Repurposed drug may help stabilize vision in rare disease


Researchers at Washington University School of Medicine in St. Louis for years have worked to understand the rare condition known as retinal vasculopathy with cerebral leukoencephalopathy and systemic manifestations.

Image credit: AdobeStock/JR-50

(Image credit: AdobeStock/JR-50)

Scattered around the world are fewer than 50 families that share rare variants of a gene that lies silent for years before the inherited mutations make themselves known when patients reach the fourth decade of life.

The changes in vision start a cascade of symptoms, and the illness is fatal in 5 to 20 years.

Retinal vasculopathy with cerebral leukoencephalopathy and systemic manifestations (RVCL-S) is a rare, autosomal dominant disorder that exhibits a range of genetic and pathophysiological features. Identified in fewer than 25 to 40 families around the world since its first report in the 1980s, RVCL-S is caused by C-terminus mutations in the exonuclease 3 prime repair exonuclease 1 (TREX1) gene.1

Researchers at Washington University School of Medicine in St. Louis have dedicated many years to understanding the rare condition known as retinal vasculopathy with cerebral leukoencephalopathy and systemic manifestations, or RVCL-S, with the aim of developing a treatment for it. In a new study, the team reports that a drug approved by the FDA for another condition may stabilize vision for patients with RVCL-S.1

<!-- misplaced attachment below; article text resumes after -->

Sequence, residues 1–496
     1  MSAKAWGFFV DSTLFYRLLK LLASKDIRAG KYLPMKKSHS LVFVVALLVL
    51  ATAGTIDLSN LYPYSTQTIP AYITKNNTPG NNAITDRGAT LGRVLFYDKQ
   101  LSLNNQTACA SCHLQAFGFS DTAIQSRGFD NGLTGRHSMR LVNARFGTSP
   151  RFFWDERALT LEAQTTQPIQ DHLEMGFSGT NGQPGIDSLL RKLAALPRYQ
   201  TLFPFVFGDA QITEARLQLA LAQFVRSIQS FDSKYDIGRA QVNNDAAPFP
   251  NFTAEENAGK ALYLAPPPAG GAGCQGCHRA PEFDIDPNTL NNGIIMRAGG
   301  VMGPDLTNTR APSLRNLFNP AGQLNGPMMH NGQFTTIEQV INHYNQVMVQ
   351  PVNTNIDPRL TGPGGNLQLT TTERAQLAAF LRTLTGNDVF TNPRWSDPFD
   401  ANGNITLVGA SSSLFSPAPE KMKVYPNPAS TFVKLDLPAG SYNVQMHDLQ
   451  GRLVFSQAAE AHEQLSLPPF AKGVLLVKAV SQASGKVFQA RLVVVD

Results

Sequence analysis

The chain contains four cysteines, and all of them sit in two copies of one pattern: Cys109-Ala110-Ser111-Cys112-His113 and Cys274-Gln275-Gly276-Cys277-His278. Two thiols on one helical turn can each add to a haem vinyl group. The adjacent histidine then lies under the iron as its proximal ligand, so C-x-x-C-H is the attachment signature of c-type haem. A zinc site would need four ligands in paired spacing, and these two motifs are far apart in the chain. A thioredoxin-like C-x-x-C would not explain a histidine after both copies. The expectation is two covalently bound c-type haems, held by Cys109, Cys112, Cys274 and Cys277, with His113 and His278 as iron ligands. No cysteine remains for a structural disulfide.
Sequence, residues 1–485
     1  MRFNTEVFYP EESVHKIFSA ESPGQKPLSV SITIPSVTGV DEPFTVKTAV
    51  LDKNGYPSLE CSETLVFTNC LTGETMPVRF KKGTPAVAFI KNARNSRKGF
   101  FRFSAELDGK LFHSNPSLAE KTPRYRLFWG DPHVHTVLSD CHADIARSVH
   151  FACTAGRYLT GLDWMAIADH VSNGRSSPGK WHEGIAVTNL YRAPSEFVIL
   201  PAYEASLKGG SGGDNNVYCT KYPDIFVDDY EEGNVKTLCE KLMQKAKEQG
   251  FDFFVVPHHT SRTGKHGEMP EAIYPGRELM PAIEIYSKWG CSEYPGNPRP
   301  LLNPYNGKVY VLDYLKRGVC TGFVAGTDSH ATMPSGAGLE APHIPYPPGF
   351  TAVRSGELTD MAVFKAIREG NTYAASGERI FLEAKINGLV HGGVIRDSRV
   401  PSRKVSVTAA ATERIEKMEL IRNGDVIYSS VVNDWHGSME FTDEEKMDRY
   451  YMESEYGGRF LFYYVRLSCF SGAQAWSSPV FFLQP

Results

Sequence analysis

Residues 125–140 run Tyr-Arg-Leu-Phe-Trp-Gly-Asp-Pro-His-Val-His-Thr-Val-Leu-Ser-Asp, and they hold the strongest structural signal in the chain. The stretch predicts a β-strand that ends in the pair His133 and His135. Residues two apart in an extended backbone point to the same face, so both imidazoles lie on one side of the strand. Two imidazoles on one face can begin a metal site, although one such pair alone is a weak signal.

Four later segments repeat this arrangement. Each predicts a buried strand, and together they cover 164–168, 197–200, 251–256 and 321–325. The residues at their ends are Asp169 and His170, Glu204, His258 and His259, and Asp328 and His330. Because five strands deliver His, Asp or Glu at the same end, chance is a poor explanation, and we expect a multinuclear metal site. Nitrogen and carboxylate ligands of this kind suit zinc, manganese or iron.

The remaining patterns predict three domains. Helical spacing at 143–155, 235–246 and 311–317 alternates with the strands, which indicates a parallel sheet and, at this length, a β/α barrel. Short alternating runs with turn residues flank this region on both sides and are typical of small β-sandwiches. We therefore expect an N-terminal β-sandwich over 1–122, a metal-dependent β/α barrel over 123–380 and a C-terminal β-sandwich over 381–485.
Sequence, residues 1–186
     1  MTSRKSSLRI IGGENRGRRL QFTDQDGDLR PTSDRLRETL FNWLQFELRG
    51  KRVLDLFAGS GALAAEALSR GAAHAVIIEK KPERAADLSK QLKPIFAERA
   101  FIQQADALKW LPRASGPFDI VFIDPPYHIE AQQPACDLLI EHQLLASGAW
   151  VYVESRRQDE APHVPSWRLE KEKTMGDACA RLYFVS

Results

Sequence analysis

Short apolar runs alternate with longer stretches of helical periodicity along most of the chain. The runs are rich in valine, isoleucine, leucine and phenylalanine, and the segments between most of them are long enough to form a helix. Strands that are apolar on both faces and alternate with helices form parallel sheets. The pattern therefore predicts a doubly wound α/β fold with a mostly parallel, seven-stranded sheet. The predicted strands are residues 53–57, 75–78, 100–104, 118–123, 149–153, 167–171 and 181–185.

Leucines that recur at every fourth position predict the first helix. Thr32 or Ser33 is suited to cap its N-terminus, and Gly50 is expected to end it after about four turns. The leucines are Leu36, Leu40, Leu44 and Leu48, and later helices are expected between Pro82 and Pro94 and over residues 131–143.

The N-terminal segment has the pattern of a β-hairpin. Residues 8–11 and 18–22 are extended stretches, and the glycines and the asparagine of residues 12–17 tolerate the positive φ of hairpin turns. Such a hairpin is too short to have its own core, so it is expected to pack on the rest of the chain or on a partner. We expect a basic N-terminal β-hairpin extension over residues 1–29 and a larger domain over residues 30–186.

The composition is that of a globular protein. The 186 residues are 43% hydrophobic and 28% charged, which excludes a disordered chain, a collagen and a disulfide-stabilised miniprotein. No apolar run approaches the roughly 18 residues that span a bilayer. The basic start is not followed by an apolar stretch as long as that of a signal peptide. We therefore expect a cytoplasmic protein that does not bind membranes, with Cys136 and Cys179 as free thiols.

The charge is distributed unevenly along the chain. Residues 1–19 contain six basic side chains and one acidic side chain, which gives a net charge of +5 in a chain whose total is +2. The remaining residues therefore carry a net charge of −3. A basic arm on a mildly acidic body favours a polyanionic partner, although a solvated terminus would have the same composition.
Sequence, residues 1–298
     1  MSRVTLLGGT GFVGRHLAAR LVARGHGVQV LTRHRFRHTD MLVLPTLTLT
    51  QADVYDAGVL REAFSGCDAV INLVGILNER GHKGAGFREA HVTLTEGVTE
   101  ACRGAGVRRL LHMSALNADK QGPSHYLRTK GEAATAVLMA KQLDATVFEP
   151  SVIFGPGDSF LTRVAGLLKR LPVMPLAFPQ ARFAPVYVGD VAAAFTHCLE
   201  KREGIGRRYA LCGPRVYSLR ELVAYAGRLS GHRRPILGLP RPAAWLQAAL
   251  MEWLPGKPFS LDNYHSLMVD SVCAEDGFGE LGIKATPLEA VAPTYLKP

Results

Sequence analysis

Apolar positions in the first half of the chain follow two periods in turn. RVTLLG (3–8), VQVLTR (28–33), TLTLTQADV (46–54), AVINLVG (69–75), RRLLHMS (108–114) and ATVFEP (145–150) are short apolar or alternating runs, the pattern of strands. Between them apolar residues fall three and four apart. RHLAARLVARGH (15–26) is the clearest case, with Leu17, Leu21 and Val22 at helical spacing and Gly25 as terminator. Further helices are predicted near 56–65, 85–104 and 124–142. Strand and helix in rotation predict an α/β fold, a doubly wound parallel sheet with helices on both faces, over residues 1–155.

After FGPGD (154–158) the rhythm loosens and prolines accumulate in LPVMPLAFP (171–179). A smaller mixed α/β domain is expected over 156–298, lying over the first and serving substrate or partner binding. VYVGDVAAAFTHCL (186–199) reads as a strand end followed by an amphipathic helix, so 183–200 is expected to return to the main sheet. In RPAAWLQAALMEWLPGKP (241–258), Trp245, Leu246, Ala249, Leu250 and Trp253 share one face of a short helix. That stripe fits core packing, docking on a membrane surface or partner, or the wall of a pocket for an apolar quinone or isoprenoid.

The researchers are conducting a clinical trial (NCT04611880) for RVCL-S patients tests drug already approved as sickle cell disease treatment

“Fifty percent of family members with these genetic mutations will inherit the disease,” said the study’s co-senior author Rajendra S. Apte, MD, PhD, the Paul A. Cibis Distinguished Professor of Ophthalmology & Visual Sciences.

Apte noted that the families are devastated by this illness, and researchers have not been able to offer them much hope.

“However, our new findings suggest that an already approved medication for a different disease may have the potential to help these patients, although additional studies are needed,” Apte added.

The study is published June 17 in The Journal of Clinical Investigation.1

According to a Washington University Medical School news release, RVCL-S is marked by progressive vision loss, cognitive decline, dementia and mini strokes, among other neurological manifestations. In the 1980s, a pair of physicians from Washington University were able to connect the symptoms to compromised small blood vessels that cause loss of blood flow to retinal, brain, kidney and liver tissues.2

“Imagine a traffic jam,” explained first author Wilson Wang, who paused his medical training to pursue independent research in Apte’s laboratory as part of a program at Washington University. “Small blood vessels are the roads feeding into the circulatory highway system. When blood flow trickles, oxygen and nutrients cannot reach the tissue, and damage ensues.”